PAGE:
CHULA VISTA ADOPTS GROUNDBREAKING PLAN TO CLOSE DIGITAL DIVIDE
Plan will guide efforts to make technology more accessible to vulnerable communities.
As the coronavirus pandemic drives public services online, the City of Chula Vista has set out a comprehensive strategy to connect more of its community members to the internet.
The Chula Vista City Council voted unanimously on May 26 to adopt a Digital Equity and Inclusion Plan, which lays out a series of actions the City will take to ensure every Chula Vista resident has affordable access to high-speed internet, as well as the skills and devices needed to use it.
Chula Vista is the first city in San Diego County to adopt such a plan.
“None of us saw COVID-19 coming when we were working on this plan, but this crisis has emphasized how critically important it is for our entire community to be able to connect to services online,” said Mayor Mary Salas. “Many of our residents who need services, like food deliveries for seniors or unemployment information, don’t have a smartphone or high-speed internet. That really makes a difference in our ability to meet people’s needs.”
The Digital Equity and Inclusion Plan helps the City identify where the digital divide exists by providing key statistics. Key figures include:
- Broadband internet service is available at 98.2 percent of residences in Chula Vista
- Approximately 11.4 percent of Chula Vista residents do not have a broadband Internet subscription
- Approximately 4.7 percent of Chula Vista residents do not have a device they can use to connect to the internet.
Among the groups most impacted by the digital divide are disabled residents; the homeless and housing insecure; job seekers; low-income and unbanked residents; migrants and refugees; residents who do not speak English; seniors; and students.
The plan defines digital equity as “the condition in which all individuals within our community have access to technology devices, Internet connection, and digital literacy skills, giving the freedom to fully participate in the economy, education, and other opportunities.” Digital inclusion is defined as “the actions undertaken by the City and local stakeholders to improve digital equity with intentional strategies to overcome barriers to access and use technology.”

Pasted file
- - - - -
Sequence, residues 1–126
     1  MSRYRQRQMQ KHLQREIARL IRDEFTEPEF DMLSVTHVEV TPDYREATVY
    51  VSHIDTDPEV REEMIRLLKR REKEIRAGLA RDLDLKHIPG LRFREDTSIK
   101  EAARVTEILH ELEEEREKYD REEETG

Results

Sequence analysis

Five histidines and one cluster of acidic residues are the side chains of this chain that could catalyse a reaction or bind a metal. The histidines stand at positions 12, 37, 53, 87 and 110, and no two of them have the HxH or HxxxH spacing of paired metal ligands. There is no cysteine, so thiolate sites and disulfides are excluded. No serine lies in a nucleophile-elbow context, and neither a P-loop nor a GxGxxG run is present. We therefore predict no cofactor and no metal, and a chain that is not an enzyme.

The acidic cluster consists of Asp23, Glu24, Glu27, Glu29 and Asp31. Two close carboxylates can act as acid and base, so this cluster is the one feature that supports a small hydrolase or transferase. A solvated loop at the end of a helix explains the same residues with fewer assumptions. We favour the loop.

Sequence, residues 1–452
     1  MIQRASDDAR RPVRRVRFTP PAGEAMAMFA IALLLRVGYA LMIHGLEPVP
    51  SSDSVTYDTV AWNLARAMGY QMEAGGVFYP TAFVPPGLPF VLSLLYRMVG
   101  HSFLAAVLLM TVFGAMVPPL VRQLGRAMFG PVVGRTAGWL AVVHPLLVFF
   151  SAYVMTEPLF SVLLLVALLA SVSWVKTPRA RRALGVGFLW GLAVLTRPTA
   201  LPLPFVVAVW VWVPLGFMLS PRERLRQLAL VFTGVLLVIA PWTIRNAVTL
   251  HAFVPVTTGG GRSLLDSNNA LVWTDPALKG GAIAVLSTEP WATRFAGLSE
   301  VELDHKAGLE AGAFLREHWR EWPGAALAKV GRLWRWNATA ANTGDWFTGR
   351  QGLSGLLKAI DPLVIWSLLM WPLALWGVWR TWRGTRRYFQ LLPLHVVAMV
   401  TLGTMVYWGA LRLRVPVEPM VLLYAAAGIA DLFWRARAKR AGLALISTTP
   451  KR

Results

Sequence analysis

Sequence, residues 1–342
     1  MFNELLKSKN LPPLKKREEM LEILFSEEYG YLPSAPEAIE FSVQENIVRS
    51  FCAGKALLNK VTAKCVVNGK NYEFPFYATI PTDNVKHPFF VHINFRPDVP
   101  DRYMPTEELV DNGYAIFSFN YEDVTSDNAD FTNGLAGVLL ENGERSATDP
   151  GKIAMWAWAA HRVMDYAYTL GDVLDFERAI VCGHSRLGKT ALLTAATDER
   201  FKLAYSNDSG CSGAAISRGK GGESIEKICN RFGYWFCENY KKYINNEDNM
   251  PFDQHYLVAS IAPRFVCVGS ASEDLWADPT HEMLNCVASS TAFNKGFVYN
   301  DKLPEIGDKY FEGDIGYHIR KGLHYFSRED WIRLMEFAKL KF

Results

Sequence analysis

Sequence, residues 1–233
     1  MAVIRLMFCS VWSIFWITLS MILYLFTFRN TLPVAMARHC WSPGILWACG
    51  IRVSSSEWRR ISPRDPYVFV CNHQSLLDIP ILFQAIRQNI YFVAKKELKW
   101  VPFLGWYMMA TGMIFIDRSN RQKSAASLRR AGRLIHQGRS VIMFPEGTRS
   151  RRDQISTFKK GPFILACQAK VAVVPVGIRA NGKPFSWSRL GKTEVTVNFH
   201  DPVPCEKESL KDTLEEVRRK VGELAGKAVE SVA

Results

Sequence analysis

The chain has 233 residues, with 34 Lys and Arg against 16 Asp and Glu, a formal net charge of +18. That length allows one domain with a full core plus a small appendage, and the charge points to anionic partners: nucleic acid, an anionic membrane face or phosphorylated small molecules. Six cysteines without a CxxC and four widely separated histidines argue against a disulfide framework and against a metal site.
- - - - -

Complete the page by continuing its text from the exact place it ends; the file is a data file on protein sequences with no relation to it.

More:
“Digital equity is no longer optional,” said Councilmember Steve Padilla. “The post-COVID-19 world requires us to look deeply and act swiftly on this issue. I’m happy that Chula Vista is taking the lead in San Diego County.”
The plan lays out a series of goals, objectives and strategic actions the City will take to bridge the gap.
Some of the goals require the City to expand and improve the technology services it provides to residents, such as computer classes offered through the library and senior center, as well as enhancing the accessibility of the City website for people with disabilities and people who speak a language other than English.
Other actions outlined in the plan require the City to pursue grants and partnerships with outside organizations to offer new programs and services to residents, such as mobile WiFi hotspots and free or low-cost computing devices.
The City Council’s adoption of the plan was the culmination of a year-long process of research, interviews and community meetings. The City consulted with regional and state agencies, such as the San Diego Association of Governments (SANDAG) and the California Department of Rehabilitation, as well local agencies, including the Chula Vista Elementary School District. The City also worked to gather information and input from the private sector, including T-Mobile, Cox Communications, Verizon, Media 3 Communications, and San Diego Gas & Electric. Community-based organizations, such as South Bay Community Services and the Chula Vista Community Collaborative, were also consulted.
The adoption of the Digital Equity and Inclusion Plan came just a month after the City Council voted to spend $650,000 to purchase 2,000 WiFi hotspot devices for families with children who need internet access for virtual and online classes. The Chula Vista Elementary School District distributed the hotspots at the end of May to foster youth, homeless youth, special education students and other families who could not otherwise afford internet access.